Sqlite-easy: A primitive yet easy to use sqlite library

I’ve published a new package named sqlite-easy. It’s not much of an original content as much as it’s a basic wrapper around some functionality of direct-sqlite, migrant-core, and resource-pool.

The basic idea is making it low-effort to embed a simple database or persist some state for simple applications with just a bit of writing and not a lot of reading.

It includes support for connecting to a sqlite database, running queries, migrations, and simple transactions.

The package is experimental and is not recommended for use in serious projects or production setting, but if you have a toy project that could benefit from it, consider trying it!

You can quickly try it out in ghci if you’d like:

➜  cabal repl --build-depends sqlite-easy
λ> :set -XOverloadedStrings
λ> import Database.Sqlite.Easy
λ> withDb ":memory:" $ run "select 1 + 1"
[[SQLInteger 2]]
λ> pool <- createSqlitePool "/tmp/mysqliteasydb.bin"
λ> withPool pool $ run "create table t (x text)"
λ> :{
λ| withPool pool $
λ|   transaction $ do
λ|     run "insert into t values ('a'),('b'),('c')"
λ|     run "insert into t values ('b'),('a'),('b')"
λ| :}
λ> withPool pool $ runWith "select x, count(x) from t where x <> ? group by x" [SQLText "c"]
[[SQLText "a",SQLInteger 2],[SQLText "b",SQLInteger 3]]

How does it compare to sqlite-simlpe, which has been around for quite a while now? One difference I see that this one depends also resource-pool and has some helpers to use it.

Good question. Thanks!

sqlite-simple has more capabilities (for example streaming results) than sqlite-easy and is much more battle-tested, but is a bit more complicated to work with and imo a bit less ergonomic. Specifically:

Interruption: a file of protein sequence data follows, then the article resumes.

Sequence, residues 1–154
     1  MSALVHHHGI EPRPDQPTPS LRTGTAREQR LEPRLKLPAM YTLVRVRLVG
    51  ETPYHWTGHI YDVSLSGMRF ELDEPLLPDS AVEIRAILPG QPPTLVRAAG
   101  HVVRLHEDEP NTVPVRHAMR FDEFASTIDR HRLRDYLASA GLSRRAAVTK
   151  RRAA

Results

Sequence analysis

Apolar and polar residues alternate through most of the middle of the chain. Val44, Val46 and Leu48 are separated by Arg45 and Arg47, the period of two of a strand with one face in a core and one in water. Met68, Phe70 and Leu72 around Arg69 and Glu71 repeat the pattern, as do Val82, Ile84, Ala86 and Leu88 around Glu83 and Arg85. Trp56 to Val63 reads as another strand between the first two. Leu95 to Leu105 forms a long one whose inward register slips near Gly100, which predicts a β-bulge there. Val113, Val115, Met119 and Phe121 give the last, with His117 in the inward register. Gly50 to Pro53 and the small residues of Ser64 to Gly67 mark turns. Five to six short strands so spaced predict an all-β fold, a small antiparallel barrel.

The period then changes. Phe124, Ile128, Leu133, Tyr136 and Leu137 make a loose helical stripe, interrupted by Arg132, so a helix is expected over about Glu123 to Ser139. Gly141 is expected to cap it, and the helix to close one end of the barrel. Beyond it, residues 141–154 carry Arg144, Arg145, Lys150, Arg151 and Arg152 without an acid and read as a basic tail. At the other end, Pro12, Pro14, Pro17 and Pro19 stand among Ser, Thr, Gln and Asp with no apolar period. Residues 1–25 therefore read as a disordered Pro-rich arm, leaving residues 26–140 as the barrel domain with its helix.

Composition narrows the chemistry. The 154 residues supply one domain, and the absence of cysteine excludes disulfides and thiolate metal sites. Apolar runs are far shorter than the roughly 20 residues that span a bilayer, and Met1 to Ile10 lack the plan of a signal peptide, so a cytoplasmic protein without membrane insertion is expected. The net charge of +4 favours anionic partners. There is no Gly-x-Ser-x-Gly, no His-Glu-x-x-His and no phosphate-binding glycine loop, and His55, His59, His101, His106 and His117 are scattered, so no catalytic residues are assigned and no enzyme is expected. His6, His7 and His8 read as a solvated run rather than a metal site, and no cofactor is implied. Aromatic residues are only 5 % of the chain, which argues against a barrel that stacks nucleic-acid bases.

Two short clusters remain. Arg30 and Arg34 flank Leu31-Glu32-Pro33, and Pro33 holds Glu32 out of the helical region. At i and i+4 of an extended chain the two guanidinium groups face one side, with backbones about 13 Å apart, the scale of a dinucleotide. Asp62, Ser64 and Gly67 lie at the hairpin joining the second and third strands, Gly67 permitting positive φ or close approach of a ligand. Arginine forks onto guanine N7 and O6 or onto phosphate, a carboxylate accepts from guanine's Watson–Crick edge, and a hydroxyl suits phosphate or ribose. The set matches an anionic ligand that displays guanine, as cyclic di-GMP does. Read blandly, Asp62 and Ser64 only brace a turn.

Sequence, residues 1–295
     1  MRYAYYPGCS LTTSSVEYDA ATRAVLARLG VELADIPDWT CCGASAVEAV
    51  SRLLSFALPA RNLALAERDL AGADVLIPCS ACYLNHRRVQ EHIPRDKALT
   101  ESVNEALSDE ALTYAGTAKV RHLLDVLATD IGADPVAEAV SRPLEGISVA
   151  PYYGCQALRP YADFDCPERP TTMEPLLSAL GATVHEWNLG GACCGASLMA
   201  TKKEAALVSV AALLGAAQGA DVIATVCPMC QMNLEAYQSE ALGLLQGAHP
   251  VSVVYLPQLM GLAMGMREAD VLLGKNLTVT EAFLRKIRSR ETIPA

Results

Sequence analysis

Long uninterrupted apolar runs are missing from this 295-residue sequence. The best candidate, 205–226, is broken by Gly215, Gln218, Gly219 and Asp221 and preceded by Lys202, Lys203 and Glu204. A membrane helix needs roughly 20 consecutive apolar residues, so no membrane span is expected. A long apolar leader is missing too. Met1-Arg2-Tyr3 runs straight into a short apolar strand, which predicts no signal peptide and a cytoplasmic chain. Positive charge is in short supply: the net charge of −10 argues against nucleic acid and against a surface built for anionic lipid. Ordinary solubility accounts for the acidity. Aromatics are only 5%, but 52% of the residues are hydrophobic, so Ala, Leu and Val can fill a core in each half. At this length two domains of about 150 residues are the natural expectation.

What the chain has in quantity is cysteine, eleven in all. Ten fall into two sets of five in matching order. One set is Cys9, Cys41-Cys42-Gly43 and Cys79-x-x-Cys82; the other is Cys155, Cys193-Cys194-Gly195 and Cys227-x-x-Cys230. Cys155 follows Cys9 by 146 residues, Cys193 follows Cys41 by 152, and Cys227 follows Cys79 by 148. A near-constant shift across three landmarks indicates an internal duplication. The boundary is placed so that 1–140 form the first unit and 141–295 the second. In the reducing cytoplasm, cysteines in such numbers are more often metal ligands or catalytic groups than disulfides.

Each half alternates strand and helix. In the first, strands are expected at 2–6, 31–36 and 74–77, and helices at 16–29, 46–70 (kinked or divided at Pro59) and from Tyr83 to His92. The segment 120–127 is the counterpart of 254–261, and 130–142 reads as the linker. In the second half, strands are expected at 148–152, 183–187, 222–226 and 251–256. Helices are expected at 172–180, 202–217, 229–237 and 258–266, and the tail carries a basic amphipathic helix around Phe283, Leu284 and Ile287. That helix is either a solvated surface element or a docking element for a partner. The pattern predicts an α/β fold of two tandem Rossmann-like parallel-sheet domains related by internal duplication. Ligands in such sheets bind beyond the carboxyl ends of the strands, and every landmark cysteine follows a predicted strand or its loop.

• sqlite-easy does not use typeclasses. No ToRow or FromField or other. It uses SQLData instead to encode possible database values and leaves the encoding/decoding to the user. I find this to be easier to work with and it does not require type annotations.
  • sqlite-easy uses the SQLite type instead of Connection -> IO. This means that we don’t need to thread through the Connection, and it makes working with transactions a bit easier I think.
  • As you mentioned, sqlite-easy comes with simple resource-pool out of the box, so if you’re not sure what you’re doing or need something quick, this is pretty handy.
  • sqlite-easy comes with migrations support (via migrant) out of the box. If you know what you’re doing you will find migrant-sqlite-simple or other solutions, and you’ll figure out how to use it yourself. sqlite-easy caters to people that want a documented solution out of the box.
  • sqlite-easy’s dependency footprint is a bit smaller than sqlite-simple’s, but not by much.

All in all, if you are a Haskell veteran that knows how to figure stuff out yourself, and you want a more featureful, battle-tested library, you might want to use sqlite-simple. If you don’t have as much experience and want to just follow a manual to get your toy project working, and you are fine with using a more restricted, experimental library, starting with sqlite-easy might be easier.